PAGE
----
That is not so under the Clause as it stands at the moment. The person against whom proceedings are taken cannot bring in the person truly responsible. In excusing this Clause my hon. Friend the Parliamentary Secretary said that the Government had done this … so that we can find somebody on whom can be laid the responsibility for abating the unpermitted development."—[OFFICIAL REPORT, Standing Committee A, Tuesday, 17th May, 1960; c. 250 to 252.] That is an astonishing declaration of principle. An offence is being created against a person who it is frankly admitted cannot be responsible, but the Administration is to pick on him because it has to pick on somebody and make that person responsible, because it is inconvenient perhaps to find out the real person responsible. It cannot be because they cannot trace the real person involved. It must be possible to trace the owner and the occupier, because it was necessary in the first instance under the 1947 Act to serve the enforcement notice which must give rise to the summons on the owner and the occupier. Therefore, the local authority will know who is involved.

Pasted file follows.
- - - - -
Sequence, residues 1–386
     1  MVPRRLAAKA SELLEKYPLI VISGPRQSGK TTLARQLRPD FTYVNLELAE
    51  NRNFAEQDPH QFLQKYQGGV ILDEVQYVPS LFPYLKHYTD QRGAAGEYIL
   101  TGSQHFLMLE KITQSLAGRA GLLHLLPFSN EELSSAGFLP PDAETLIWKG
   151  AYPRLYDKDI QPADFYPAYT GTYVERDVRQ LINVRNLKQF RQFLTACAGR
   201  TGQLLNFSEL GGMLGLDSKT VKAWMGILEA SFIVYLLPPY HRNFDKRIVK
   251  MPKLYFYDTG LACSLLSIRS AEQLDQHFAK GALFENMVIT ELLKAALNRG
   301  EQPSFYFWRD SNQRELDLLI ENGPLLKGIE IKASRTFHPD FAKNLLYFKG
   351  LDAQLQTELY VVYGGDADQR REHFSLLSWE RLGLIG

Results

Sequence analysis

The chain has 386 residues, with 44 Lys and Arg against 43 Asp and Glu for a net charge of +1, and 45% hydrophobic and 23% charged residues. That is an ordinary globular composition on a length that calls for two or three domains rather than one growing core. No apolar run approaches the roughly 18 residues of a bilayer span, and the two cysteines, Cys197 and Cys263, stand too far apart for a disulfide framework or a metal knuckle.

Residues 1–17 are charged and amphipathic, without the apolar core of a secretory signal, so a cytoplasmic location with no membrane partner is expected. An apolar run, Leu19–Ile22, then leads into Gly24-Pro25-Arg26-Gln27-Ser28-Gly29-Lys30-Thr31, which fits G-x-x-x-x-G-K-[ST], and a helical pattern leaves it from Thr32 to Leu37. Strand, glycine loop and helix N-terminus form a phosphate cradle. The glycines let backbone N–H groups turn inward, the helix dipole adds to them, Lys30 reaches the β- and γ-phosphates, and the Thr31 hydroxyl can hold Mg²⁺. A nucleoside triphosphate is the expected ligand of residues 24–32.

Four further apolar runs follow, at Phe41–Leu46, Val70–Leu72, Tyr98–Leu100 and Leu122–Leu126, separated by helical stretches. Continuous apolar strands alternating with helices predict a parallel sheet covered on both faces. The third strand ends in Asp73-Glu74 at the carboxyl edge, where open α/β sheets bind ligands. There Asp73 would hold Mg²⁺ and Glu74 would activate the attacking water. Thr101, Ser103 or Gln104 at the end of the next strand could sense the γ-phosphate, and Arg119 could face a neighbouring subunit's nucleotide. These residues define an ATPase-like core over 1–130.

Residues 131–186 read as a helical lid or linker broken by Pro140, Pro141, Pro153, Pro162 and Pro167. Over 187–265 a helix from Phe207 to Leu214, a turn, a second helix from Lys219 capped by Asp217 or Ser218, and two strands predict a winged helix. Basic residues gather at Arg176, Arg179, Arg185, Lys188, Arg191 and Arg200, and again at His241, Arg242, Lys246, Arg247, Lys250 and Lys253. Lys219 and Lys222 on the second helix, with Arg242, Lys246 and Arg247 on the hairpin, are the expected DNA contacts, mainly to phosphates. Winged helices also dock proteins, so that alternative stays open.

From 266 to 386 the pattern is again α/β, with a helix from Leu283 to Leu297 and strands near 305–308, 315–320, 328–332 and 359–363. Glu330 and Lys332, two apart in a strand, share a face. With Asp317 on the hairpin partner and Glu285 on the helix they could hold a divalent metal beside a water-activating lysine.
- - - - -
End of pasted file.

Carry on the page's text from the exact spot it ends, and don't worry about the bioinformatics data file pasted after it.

This is an important matter. It is not mere administration. An important principle of law is involved. I remind the House that we are now on that Part of the Bill which applies generally and not merely to caravans. We are altering the general law applying to enforcement notices under the Planning Acts, and we are applying it in a way which has never been recognised in connection with enforcement notices under any other Statute.

Sir K. Joseph

My hon. Friend the Member for Crosby (Mr. Graham Page) has made a very fair statement of the two sides of the argument which we had in Committee. He has, perhaps somewhat naturally, minimised two of the strongest elements in my side of the argument. He has minimised, first, the protection given to owners. I freely admit that it would be wrong to impose obligations on owners without making absolutely sure that they have ample protection. My hon. Friend has minimised, secondly, the confusion which can be caused by the use of Section 290 of the Public Health Act. The whole discussion is about the method of ensuring that abatement can be secured of unpermitted development.

I want at the start of the argument to dispose of one feature of what my hon. Friend said. He put much weight on the fact that, as he said, an enforcement notice is a criminal matter. This is just not so. Being served with an enforcement notice does not make a criminal of anybody, but being in breach of an enforcement notice does. What we are discussing is the service of an enforcement notice and whether it should be on the owner or on some other interested party. It is only the service which we are discussing. If the owner complies with the enforcement notice he is not in breach of it, and if he is not in breach of it there is no criminal offence.